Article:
THANK YOU! THANK YOU! I got several suggestions for classes in my email and I appreciate them all. Several people sent comments but your "no comment reply" is turned on so I couldn't email you to ask for more details. Now that I have an idea about what classes to do; I can work on details of how to present them.
But first here is today's finished quilt. It worked out really, really nice.
Here is another picture of this quilt. Sorry it's blurry.
Here is a close up of one of the blocks. As you can see the stitching is hard to see from the front.
So I'll show you the stitching from the back. I did line dancing on the blocks.
A leaf design on the sashing, le lace on the inside border, and a leaf design on the outside border.
Another picture of the sashing and the circles done on the inside block frame.
I had fun doing those freehand circles. I tried several different ways of creating circles just so I could record them in my sketch book for the future.
When I looked at the quilt through the camera I realized it was perfect as the basis for my Saturday class. I lay it on the table and drew some of the blocks on paper to be used in the class.
Speaking of the classes at the shop. What I said in my post yesterday sounded like the owner didn't want to replace the old machine. That was wrong. I guess I was just in a pity me mood. I need to work on myself to stay out of those moods! Or at the very least keep myself from telling the world what type mood I'm in.
The shop owner does want to get a new machine. I believe between the two of us we will get one but just not right away. One reason I stayed several days in Paducah was to check out several machines and pick up information packets to give to the shop owner. We haven't had a chance to get together since I got back. First because she had other time commitments and then when she was ready to get together I got sick.
The shop classes started a couple of years ago with me doing a simple demonstration to show what is possible to do with a household machine on a Hinterberg frame. Everything I can do with a Gammill machine can be done with a household machine. It just has to be done differently. The demonstrations expanded to actual classes because so many were buying machines and frames then standing there in front of their machine saying..... now what?
I WANT people to buy machines and get excited about doing machine quilting. I want others to know how I feel when I see a stitching design done on a top. Hmmm..... maybe I'm not explaining this well enough. Ok, you know how it is when you go to a quilt show or a guild meeting or a fabric shop and see a new piecing design that excites you so much that you want to make one yourself? So you start looking for classes or books to learn how it is made. Then you are so happy about learning and making one yourself that you show it to everyone else. Well that's how I am about machine quilting. I see new stitching techniques or designs that get me excited enough to want to learn them...... then show everyone else what I did. The trouble is that when I want to show someone else.... I'm in the studio alone. No one to see it. This blog is the next best thing to having people around.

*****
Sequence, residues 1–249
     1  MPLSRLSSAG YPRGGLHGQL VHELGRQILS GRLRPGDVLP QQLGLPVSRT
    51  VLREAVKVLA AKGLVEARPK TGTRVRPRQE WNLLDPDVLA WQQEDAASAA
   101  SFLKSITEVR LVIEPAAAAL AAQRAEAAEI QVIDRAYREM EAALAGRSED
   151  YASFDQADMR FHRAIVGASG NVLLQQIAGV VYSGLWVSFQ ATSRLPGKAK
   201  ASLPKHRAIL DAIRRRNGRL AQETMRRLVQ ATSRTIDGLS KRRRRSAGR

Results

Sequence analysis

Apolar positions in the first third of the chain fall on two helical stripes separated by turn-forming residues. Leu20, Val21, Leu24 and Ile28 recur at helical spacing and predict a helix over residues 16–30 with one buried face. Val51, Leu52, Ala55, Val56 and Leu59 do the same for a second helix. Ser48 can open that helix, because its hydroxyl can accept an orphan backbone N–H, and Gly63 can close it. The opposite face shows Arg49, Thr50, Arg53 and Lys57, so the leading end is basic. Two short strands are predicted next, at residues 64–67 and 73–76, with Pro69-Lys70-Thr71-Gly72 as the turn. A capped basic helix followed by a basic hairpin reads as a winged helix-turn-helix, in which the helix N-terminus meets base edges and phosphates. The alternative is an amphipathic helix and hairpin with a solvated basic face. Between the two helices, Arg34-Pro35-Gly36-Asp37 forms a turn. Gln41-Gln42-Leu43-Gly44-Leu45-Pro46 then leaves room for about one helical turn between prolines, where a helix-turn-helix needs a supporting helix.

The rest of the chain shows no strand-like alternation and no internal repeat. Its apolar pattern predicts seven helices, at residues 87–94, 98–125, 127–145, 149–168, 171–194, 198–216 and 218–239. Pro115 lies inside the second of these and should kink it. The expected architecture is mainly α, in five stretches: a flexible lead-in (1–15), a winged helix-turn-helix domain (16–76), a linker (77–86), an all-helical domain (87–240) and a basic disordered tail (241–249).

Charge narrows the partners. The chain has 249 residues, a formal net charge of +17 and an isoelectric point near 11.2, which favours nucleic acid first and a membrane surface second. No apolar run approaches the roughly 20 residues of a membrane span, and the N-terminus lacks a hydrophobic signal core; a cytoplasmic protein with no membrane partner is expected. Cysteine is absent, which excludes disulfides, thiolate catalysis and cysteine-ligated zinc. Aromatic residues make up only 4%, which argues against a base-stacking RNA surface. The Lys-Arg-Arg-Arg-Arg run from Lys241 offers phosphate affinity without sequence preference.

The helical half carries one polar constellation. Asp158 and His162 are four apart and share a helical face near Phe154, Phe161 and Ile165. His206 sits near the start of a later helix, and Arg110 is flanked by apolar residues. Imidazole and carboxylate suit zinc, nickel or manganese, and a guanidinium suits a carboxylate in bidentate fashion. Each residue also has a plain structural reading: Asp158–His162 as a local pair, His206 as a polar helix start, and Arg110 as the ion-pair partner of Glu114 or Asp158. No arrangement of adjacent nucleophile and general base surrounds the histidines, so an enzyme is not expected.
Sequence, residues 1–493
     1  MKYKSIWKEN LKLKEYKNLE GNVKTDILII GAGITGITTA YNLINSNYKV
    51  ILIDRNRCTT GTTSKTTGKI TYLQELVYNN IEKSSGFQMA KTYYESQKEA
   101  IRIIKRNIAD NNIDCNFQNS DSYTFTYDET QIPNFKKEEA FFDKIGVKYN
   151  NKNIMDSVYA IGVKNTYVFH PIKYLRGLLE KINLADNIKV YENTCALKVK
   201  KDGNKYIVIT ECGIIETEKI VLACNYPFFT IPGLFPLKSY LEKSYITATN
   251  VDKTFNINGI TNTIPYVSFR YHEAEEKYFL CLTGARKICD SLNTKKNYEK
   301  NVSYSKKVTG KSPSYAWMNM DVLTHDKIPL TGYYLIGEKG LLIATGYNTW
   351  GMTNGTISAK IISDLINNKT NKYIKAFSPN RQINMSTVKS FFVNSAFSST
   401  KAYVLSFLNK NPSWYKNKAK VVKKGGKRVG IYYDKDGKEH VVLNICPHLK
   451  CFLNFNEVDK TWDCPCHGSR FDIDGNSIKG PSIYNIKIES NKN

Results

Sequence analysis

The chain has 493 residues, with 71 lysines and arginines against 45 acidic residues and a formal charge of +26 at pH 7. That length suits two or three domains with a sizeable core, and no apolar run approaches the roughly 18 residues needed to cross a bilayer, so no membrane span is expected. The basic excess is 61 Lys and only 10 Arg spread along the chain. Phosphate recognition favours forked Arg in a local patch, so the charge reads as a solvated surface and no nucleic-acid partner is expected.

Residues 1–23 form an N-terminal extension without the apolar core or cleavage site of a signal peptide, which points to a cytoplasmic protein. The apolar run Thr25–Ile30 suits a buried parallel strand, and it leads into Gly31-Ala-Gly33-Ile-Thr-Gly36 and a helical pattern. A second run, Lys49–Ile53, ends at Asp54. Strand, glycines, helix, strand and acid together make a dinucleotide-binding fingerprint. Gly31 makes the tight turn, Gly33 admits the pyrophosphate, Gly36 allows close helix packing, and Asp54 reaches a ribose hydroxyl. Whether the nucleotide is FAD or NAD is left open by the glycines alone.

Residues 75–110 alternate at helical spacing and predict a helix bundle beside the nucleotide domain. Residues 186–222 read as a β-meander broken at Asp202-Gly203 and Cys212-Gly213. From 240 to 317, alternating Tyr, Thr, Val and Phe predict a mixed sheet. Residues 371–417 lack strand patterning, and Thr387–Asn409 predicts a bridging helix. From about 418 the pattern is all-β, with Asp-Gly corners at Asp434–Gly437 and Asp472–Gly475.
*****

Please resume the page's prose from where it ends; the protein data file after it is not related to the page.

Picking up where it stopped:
I can't tell you how many times I try a new stitching design.... it works out perfectly..... I stand there saying..... Oooooo that's fantastic, you guys outa try this..... but there is no one there to hear me. So I keep my excitement for a time when I can share it with others.
There are new people reading my blog that may not know my history of machine quilting so I'll tell you about it. For over 20 years I used a Singer upholstery machine rigged up to a table and track system to do machine quilting. I could only quilt 5 inches of space with each pass over the quilt before advancing. I was still able to do very large 15 or 20 inch designs in spite of the 5 inch limitations.
I own a Gammill machine because the Singer machine just wasn't right for my business anymore. I was constantly having to load it into a car to make an all day trip out of town to get it re timed and tuned up. It was wore out from all the years of work. When the trips out of town began being a monthly trip I decided it was time to quit the business or get a new machine. To make a story shorter..... I got a Gammill. I don't have a Gammill because its large enough to do big designs. I have it because it's sturdy enough to run for hours and hours to do what I want it to do. To be honest any of the larger sturdy machine would have been adequate. Whether it be an A1, Prodigy, or any other of the major brands.
BUT... if a person is only planning to quilt their own tops then an industrial machine is not really needed. If someone wanted only to do a few tops as a spare income then a smaller machine is fine too. It really is possible to do the same things I do with my Gammill on a smaller machine. The machine you buy should fit the type of work you plan to do.
On my trip to Paducah I looked specifically for affordable machines for those people who want only to do their own tops. I looked for machines that could be used to create the ART of machine quilting without taking out a second mortgage to own it.
Ok, I've rambled on long enough. I have to finish making paper copies of the class materials for Saturday. It won't be the same as actually using a machine. BUT.... it's a start.